A Review of the Salivary Proteome and Peptidome and Saliva-derived Peptide Therapeutics

  • N. Laila Huq
  • Keith J. Cross
  • Men Ung
  • Helen Myroforidis
  • Paul D. Veith
  • Dina Chen
  • David Stanton
  • Huiling He
  • Brent R. Ward
  • Eric C. ReynoldsEmail author
Special Issue: Peptides in Oral and Dental Research


Saliva is a glandular secretion that is vital in the maintenance of healthy oral tissues. In this review we outline the high abundance salivary proteins, summarise the status of the salivary proteome and peptidome, the genetic origin and recognised functions of these proteins, the diseases associated with salivary disorders, and the emerging saliva-derived peptide therapeutics. Different proteomic approaches have reported the identification of over 1,300 proteins in saliva. However there are fewer than 100 high abundance proteins, identified by multiple methods including, two-dimensional polyacrylamide gel electrophoresis and HPLC combined with mass spectrometry. Analysis of the genes coding for the salivary proteins demonstrated a non-uniform chromosomal distribution with chromosome 4 having the largest proportion of genes expressed in salivary glands. Several diseases are associated with salivary disorders including Sjögren’s syndrome, Prader-Willi syndrome, dental caries and stress related disorders. Saliva as a diagnostic medium for various biochemical tests has provided a non-invasive and accessibility advantage over other more regularly tested body fluids such as blood and urine. To-date the emerging saliva-based therapeutics include artificial salivas and antimicrobial agents based on histatins and mucins.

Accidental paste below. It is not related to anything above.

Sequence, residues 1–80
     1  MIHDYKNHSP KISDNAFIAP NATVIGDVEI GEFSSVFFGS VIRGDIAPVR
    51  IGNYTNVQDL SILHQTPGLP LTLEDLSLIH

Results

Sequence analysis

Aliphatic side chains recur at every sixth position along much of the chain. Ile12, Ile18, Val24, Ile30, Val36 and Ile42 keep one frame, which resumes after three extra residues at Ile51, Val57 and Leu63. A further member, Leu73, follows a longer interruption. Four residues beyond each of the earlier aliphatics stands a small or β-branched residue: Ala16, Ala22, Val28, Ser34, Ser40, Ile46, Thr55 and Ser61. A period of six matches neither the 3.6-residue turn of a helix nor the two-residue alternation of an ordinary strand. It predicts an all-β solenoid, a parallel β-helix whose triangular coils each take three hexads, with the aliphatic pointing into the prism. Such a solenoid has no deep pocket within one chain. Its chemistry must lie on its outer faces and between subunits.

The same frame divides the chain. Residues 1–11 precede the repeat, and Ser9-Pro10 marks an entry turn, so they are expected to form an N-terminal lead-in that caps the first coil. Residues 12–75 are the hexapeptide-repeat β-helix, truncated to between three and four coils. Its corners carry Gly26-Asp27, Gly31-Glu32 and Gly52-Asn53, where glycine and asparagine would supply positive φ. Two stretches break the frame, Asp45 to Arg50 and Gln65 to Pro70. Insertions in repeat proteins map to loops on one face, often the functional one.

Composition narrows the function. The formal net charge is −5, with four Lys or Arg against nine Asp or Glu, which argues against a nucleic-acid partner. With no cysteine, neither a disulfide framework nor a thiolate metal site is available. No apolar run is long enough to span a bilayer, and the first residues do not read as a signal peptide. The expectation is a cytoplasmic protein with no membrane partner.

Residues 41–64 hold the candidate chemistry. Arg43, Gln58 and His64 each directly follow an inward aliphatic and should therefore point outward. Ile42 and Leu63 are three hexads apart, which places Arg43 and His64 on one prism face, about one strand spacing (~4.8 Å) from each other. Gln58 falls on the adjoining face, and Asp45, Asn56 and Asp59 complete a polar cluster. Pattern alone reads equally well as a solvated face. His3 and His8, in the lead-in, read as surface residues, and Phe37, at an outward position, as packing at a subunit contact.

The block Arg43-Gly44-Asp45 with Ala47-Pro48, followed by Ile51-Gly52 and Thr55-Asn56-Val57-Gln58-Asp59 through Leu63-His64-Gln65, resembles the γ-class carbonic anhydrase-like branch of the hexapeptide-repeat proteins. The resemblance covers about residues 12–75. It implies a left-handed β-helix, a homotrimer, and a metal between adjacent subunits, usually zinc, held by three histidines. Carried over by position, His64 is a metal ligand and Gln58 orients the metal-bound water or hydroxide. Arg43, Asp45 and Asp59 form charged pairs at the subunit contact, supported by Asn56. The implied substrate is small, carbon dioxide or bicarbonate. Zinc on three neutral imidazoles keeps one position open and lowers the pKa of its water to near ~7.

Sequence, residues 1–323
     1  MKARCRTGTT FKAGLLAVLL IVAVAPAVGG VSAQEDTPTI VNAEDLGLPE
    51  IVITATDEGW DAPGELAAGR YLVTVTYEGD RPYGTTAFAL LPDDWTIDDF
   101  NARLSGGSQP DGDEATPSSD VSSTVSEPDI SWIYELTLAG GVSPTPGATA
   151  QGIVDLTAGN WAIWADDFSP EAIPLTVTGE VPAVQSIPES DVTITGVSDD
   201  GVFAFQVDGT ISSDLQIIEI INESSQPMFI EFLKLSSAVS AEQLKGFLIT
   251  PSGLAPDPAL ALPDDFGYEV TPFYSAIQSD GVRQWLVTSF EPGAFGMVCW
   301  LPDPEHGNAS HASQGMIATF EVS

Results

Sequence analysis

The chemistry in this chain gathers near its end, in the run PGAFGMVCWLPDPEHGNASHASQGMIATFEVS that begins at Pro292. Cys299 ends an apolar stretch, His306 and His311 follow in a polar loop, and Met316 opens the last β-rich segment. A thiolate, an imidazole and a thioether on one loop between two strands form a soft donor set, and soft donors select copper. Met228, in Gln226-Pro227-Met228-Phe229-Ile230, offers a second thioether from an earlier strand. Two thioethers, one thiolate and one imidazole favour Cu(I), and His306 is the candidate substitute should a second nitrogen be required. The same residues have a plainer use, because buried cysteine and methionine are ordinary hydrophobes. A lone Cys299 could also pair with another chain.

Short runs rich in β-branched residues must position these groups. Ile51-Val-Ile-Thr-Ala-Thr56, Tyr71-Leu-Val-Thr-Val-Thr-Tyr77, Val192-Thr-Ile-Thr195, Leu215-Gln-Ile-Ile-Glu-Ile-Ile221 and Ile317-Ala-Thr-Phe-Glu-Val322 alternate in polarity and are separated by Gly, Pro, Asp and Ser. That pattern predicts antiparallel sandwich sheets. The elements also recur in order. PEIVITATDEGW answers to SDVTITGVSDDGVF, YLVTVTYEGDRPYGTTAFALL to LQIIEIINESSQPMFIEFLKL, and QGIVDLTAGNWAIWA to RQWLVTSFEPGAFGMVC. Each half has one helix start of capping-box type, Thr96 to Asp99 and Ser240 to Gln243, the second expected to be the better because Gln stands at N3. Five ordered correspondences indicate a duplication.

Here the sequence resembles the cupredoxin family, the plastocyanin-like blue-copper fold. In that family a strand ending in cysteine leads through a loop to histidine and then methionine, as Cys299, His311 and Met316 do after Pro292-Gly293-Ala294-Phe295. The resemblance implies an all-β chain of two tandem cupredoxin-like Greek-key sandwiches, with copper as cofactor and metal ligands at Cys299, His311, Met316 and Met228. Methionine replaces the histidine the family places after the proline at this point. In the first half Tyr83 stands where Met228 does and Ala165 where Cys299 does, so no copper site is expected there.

Saliva Proteome Peptidome Peptide therapeutics 



We wish to acknowledge the contribution of Priscilla Lu who was a recipient of an ADRF summer scholarship.


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Copyright information

© Springer Science+Business Media, LLC 2007

Authors and Affiliations

  • N. Laila Huq
    • 1
  • Keith J. Cross
    • 1
  • Men Ung
    • 1
  • Helen Myroforidis
    • 1
  • Paul D. Veith
    • 1
  • Dina Chen
    • 1
  • David Stanton
    • 1
  • Huiling He
    • 1
  • Brent R. Ward
    • 1
  • Eric C. Reynolds
    • 1
    Email author
  1. 1.Cooperative Research Centre for Oral Health Science, School of Dental Science, Bio21 InstituteThe University of MelbourneMelbourneAustralia

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